Two wild souls meet across a backyard swimming pool. Buz Meyer starts the conversation, and the turkey responds.
One must know what tosay to turkeys, he says. One must know the words that they want to hear.
"Kik kik kik kik kik," says Meyer.
The bird lifts her red, white and blue stalk of a head from the grass, shoots glances left, right, behind. Meyer has her attention.
"Kik kik kik kik," says Meyer.
"Kik kik kik kik kik," says the turkey, a year-old female named Albuquerque.
She's saying "no, I'm not coming over there; you come over here."
"Turkeys are like children," says Meyer. "They don't always come when you call them."
Meyer, who is 60, has been talkingto animals since he was a boy on his father's land. He would whistleto wood ducks and they sometimes whistled back.
Now he presides over what he calls the Meyer Station "nature community": 135 acres of wooded wetlands, upland forests, deep wetlands and fields between theLittle Patuxent and the Patuxent River in Odenton. The land sits less than a mile southwest of the Crofton Industrial Park and Route 3, aforested sanctuary in one of the county's fastest-growing areas.
A 4-H leader since the 1960s, Meyer conducts nature walks, gives talks on wildlife and ecology and opens his property by appointment to community organizations, youth groups -- anybody who wants to observe and learn.
An official of the state Department of Natural Resourcesrecently stopped by the land, located off Meyers Station Road, to take stock of the rare and endangered plants on the property. Members of the Maryland Ornithological Society regularly drop in to conduct bird counts. They often find birds that the state considers rare or threatened.
The place doesn't look like a nature sanctuary, at least not right away. A dirt driveway leads to a trailer marked "Buz's UsedAuto Parts" and a yard littered with decaying vans, cars, trucks, a rusted hay rake, compressed air tanks, tires and hubcaps. Meyer says there's no contradiction there. He says the business is a form of recycling.
A selection of geese -- Chinese, African, white, Canada --a few mallard ducks and the wild turkey roam the property like so many barnyard chickens. A man-high inflatable dinosaur guards the in ground swimming pool.
Yes, Meyer owns the land, but he says his roleis best not described that way.
"I can say I own that land, that's just a pompous attitude. I don't figure I am an owner. I figure I am just a steward of it."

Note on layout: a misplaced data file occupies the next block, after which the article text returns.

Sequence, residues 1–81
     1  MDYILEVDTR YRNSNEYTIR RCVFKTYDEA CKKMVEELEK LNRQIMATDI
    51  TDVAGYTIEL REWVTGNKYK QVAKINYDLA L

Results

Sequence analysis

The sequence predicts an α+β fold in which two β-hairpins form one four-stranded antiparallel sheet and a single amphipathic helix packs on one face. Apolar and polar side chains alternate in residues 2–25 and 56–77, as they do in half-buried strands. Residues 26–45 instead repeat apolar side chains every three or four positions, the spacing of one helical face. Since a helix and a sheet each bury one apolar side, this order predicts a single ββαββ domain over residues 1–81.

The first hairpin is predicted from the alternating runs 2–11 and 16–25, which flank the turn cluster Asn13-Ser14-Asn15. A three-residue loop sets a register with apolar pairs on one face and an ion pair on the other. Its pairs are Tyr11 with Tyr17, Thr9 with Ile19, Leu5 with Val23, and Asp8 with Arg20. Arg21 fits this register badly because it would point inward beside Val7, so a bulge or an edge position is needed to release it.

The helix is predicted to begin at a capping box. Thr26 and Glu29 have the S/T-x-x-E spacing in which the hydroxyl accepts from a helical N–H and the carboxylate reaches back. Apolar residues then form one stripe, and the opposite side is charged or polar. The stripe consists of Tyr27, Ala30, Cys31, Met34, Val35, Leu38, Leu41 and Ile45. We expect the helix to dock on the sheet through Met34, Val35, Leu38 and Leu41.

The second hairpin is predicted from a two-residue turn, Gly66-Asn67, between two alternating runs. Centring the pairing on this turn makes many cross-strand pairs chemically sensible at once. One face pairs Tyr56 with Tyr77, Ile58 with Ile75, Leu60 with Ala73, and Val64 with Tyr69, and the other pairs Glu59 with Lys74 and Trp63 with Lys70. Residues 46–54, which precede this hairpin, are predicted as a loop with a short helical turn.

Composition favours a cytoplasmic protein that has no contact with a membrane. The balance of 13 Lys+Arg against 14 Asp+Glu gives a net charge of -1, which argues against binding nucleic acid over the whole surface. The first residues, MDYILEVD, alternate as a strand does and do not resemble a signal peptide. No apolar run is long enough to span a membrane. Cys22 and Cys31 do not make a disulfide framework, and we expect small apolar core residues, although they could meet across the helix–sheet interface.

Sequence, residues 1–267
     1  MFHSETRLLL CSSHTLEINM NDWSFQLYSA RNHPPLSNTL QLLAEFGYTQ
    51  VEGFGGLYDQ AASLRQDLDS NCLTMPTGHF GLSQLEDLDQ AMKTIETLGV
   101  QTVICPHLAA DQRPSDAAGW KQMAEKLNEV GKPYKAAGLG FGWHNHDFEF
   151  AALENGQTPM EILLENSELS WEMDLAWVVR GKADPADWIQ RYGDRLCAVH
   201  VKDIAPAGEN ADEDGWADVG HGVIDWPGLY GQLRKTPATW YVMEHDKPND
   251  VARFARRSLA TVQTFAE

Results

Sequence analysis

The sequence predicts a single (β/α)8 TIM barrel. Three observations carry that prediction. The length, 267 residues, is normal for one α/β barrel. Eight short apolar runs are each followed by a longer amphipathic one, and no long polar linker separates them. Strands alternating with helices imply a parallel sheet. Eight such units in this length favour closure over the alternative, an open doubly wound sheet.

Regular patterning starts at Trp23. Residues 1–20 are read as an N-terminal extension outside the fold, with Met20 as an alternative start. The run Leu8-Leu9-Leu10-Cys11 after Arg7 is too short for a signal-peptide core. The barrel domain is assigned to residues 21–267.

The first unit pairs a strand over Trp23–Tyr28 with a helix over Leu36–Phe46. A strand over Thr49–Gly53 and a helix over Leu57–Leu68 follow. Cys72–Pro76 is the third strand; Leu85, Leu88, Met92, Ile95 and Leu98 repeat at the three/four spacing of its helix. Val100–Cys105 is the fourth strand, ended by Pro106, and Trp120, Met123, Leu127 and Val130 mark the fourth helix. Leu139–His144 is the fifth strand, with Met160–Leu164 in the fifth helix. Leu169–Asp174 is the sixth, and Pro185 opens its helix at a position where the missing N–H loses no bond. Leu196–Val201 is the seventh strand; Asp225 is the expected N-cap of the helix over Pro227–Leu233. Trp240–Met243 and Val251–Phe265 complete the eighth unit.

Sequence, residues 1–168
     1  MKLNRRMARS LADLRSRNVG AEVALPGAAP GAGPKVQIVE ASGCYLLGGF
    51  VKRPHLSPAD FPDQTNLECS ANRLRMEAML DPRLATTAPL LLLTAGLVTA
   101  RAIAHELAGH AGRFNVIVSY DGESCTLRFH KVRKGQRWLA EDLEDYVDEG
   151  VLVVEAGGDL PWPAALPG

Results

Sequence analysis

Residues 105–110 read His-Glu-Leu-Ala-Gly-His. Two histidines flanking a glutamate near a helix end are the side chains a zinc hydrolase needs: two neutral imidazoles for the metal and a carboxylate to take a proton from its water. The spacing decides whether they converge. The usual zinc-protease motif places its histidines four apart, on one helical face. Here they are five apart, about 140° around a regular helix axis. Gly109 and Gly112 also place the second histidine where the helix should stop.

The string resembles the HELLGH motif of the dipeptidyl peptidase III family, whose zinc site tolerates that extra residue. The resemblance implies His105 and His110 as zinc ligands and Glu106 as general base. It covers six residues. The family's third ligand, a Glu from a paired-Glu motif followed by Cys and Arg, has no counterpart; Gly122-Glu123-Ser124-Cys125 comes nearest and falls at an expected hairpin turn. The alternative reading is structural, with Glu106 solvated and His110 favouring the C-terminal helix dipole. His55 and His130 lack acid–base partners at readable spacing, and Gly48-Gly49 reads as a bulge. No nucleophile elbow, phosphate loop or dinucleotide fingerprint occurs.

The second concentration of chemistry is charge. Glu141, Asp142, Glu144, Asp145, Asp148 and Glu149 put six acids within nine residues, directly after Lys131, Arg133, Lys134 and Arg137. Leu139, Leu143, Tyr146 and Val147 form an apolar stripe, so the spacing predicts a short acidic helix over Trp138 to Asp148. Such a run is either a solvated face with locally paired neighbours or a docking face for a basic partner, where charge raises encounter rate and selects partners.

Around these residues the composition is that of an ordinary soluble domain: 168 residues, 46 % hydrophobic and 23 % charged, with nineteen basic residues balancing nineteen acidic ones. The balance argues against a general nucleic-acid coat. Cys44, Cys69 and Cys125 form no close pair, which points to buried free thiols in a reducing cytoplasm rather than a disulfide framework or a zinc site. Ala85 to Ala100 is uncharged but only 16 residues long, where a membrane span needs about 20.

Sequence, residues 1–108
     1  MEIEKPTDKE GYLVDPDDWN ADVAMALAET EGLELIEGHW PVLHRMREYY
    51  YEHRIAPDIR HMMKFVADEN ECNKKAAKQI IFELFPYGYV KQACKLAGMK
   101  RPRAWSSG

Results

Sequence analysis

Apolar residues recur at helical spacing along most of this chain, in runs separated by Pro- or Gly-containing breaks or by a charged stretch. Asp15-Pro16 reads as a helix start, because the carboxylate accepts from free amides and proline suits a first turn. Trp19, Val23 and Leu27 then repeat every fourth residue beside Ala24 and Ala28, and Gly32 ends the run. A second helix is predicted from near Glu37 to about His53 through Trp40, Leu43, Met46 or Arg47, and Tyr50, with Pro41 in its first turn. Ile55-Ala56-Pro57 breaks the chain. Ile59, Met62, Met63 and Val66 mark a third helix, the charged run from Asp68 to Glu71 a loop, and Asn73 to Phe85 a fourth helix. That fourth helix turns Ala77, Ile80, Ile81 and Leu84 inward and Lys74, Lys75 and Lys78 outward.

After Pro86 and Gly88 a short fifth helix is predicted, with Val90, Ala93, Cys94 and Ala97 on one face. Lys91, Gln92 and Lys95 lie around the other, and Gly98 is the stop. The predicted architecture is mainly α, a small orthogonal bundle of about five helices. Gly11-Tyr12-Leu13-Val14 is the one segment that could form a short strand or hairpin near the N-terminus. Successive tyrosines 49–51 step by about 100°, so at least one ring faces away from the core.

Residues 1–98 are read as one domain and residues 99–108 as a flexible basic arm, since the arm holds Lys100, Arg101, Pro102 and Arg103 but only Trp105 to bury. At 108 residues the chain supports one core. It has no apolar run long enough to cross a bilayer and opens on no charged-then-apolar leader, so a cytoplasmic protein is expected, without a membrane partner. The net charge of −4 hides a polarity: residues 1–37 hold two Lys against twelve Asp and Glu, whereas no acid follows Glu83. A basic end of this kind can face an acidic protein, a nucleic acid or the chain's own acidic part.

He's about as uncomfortable with the title of owner as he appears to be with his given name, Russell. Russell,he says "should be wearing a tie and a white shirt and working in anoffice, and that ain't me."
Meyer tends to dress in park ranger browns and forest greens. And he goes strictly by Buz, even signs his checks that way. Just don't ask how the name started.
"That's too long a story to tell and I wouldn't want it in the paper. Anyhow, that happened when I was 5 or 6 years old so we'll just let it drop at that."
The world of his childhood consisted of the rolling land between Suter's Hill and the Patuxent River, some 650 acres that was eventually divided among five sons and one daughter. Meyer's father, Schubert, who died in 1989, had inherited the land from his father, a Swiss immigrant named Jacob Meyer.
"Daddy had about 15 acres of highground," on which he grew tobacco, hay, corn and sweet potatoes, Meyer said. Much of the rest of Meyer's childhood world consisted of wetlands. He grew up being known in the area as the boy from the swamp.
"As a kid people would say, 'Oh, you live down in the swamp,' likeit was a nasty word. . . . There's more life in an acre of swamp than there is in an acre anyplace."
But, of course, it takes time to see that. Meyer's bright blue eyes are always open to something new.
When he describes the fresh carpet of flowers that rises on the forest floor in spring, it's as if he's just seen it for the first time. He has made a life study of his land, but never figures he knows itall. Last summer, he said he noticed it was the first year the forest saw a large influx of yellow-billed cuckoo birds. They'd apparentlybeen drawn to the woods as the gypsy moth population increased.
"I learn every time I go down there," he says.
The beaver invasion of the early 1980s, for example, taught him a few things about beavers. At first, as the animals laid waste to many trees, he figured on aplan of annihilation. He even started looking up beaver recipes.
But the more he read about the animals the more he admired them. Thenhe noticed that as the trees fell, letting sunlight wash the forest floor, new vegetation grew. This created more food for deer. In time,beaver dams created watery habitat for great blue heron. Dead trees felled by beavers became homes for squirrels and wood ducks -- as good as the boxes he and groups of Boy Scouts have put up for wood ducksand bluebirds.
"They did more for no pay in making a suitable habitat for wild birds than a crew of five people could all year," says Meyer. "You suddenly realize it's all in the master plan, that life is renewing itself."
And then the beavers moved on, heading down the Patuxent in search of a fresh food supply. Meyer figures no more than one or two beaver couples now live on the property. They share theland with red and gray fox, skunks, mink, muskrat, opossum, ground hogs, rabbits, raccoons, squirrels, chipmunks, deer, even an occasional bobcat and otter. The nesting bird population includes several great blue heron, barred owls, screech owls and the hooded merganser, a duck classified by the state as "highly rare."
Meyer is not inclined to preaching, but he hopes the young people he brings through the woods here will leave with a stronger sense of the value of land and water in its natural state.
"My father was able to constantly use the resources, but to put it best in his words, 'you always leave enough for seed.' He never screwed up his own nest."